BTT: Unread

Today's question on Booking Through Thursday:

Is there a book that you wish you could "unread"? One that you disliked so thoroughly you wish you could just forget that you ever read it? (Suggested by C in DC)

I'm one of those people who rarely stops reading a book after starting it, so there are a few books that I wish I had never picked up. As for "unreading", I don't think I want to forget that I read those books; at least I should be able to remember not to read the same books (or similar ones) in future.

If I had to mention books that I would rather never have read, I'd name Lucky Jim by Kingsley Amis, Nineteen Seventy Four by David Peace, Catch-22 by Joseph Heller and The Road to Gandolfo/Omaha books by Robert Ludlum.

Do you ever continue reading a book despite knowing that you won't like it, thereby adding list of books to "unread"? Or do you stop reading the moment you know the book isn't the kind you like? I believe I'm in the minority that reads books anyway even when the know they don't like it.

The Book of Evidence (John Banville)

When I first picked up this book, the title sounded a lot like that of a mystery novel. This book is nothing of the sort, it's more of a look at the mind of a murderer after he has committed a totally pointless crime.

The Book of Evidence is the confession of Freddie Montgomery, a 38 year old ex-scientist, who murders a servant girl when she finds him in the middle of a ridiculous attempt at stealing a painting from an acquaintance.

The story is narrated by Freddie as he sits in jail awaiting trial for the murder. In the first half of the book, he talks about his past, the events leading up to the crime and the murder itself. The latter half of the book is a recounting of Freddie's actions until his capture.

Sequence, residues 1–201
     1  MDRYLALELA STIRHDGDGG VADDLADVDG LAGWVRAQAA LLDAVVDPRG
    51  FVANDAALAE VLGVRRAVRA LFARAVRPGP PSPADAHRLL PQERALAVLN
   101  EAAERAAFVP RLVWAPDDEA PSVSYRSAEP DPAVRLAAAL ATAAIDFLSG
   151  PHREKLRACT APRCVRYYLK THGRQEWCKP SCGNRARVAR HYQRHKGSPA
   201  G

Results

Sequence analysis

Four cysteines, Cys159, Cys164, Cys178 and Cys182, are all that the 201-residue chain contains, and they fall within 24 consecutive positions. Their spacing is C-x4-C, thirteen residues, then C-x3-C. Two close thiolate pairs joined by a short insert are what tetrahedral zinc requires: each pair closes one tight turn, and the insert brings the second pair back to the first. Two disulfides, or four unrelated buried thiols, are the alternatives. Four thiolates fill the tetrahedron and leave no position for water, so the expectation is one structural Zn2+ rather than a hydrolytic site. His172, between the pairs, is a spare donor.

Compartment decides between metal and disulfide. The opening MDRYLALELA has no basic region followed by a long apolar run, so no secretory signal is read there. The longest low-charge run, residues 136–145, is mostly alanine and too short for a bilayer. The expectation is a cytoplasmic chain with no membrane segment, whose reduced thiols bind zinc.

John Banville's work has been compared to that of Fyodor Dostoyevsky and I could see some similarities (and contrast) between this book and Crime and Punishment. The protagonists in both the books do not have a clear motive for their crime. However, Raskolnikov in Crime and Punishment is filled with remorse about the crime, whereas in The Book of Evidence, Freddie is completely remorseless. When speaking about why he murdered the girl, he casually says that he did it just because he could, and not because there was any real reason to do so.

This isn't the kind of novel you choose if you wanted a nice fast-paced crime novel to read, but it's definitely worth a read if you want to read about a crime from the perspective of the criminal rather than the detective.

Rating : 8/10

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